Combine all ingredients except pepper and oil in a small saucepan over medium heat. Heat and stir for 7-10 minutes until a paste forms. Remove from heat and add pepper and oil. Stir thoroughly to combine. Store covered in a glass jar. Refrigerated, this paste can last for 2 weeks or more.
I add one or two teaspoons of this to whatever I’m drinking. This is an easy, delicious way to supplement with turmeric, and it’s a much cheaper alternative to store-bought supplements. I could seriously drink it all day.
Unfortunately, too much of anything is never a good thing. While turmeric is generally regarded as safe, you don’t want to overdo it as it may cause GI distress. 1-2 tablespoons daily is generally recommended as a maximum dose. However, studies using considerably more have shown no toxicity.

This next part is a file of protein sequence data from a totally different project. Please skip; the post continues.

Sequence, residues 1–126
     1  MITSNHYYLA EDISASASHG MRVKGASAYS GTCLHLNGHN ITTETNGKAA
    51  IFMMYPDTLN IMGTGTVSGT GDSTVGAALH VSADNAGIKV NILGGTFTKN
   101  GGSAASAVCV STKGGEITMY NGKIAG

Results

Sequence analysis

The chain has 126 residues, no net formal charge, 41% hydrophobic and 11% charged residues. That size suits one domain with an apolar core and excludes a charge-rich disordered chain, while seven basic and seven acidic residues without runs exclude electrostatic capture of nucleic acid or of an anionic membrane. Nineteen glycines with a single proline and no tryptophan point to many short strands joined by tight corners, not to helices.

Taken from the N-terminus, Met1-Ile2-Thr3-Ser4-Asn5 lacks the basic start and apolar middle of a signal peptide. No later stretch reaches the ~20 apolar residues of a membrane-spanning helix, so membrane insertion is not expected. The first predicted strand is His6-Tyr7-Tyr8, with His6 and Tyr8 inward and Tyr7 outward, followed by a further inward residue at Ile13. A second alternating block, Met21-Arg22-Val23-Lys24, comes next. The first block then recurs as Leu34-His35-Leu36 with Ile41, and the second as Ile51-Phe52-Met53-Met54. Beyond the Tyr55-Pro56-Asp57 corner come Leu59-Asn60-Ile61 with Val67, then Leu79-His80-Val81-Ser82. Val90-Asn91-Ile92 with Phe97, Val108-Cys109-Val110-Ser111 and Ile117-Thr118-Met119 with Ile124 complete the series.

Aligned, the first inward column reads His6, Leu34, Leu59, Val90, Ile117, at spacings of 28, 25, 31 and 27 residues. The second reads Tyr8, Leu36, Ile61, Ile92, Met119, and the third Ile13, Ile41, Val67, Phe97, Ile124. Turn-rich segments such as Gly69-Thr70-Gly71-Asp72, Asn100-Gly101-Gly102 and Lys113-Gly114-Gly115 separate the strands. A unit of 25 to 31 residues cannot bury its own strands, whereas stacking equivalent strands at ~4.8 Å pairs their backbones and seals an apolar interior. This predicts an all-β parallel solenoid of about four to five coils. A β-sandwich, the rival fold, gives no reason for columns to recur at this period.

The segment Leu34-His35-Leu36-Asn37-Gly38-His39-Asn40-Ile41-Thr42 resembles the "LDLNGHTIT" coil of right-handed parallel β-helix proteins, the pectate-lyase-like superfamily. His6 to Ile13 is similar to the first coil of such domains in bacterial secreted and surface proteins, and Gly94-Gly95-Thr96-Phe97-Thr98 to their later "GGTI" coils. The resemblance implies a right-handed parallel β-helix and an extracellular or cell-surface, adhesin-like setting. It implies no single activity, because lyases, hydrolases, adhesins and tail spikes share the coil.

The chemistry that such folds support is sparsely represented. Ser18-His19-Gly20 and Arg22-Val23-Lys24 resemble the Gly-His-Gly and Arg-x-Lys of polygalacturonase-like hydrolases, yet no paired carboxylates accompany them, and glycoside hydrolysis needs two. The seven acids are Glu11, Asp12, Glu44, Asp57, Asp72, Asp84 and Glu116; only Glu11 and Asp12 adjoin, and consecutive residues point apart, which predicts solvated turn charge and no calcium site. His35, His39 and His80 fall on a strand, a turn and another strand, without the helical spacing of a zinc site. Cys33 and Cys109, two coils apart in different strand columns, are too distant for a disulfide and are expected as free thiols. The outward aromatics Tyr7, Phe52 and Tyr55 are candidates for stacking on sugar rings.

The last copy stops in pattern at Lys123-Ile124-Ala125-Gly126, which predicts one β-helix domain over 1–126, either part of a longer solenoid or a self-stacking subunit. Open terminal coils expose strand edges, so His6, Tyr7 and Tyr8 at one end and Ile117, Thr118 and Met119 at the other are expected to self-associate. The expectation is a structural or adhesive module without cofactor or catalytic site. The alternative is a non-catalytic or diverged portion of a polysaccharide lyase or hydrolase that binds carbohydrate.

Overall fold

A Few More Things
Of course, you should always check with your doctor before taking any supplements. Those with stomach ulcers are advised to avoid turmeric, and turmeric may interfere with drugs that work by decreasing stomach acid. It may also interfere with diabetes medications, so it should be used with caution. Pregnant and breast feeding women are advised to avoid turmeric supplementation, although culinary use is fine.
One last thing about turmeric – it stains. It will stain your skin, your sink, and your clothes if you are not careful. Some indications call for topical application of turmeric paste, especially for skin disorders. In this case, the risks vs. benefits are for you to decide…the color does fade eventually. Personally, I’d stick with internal usage…especially for chronic inflammatory issues. IMO, there are better, non-staining alternatives for cuts, scrapes, and acute inflammation.
Featured photo by Osha Key on Unsplash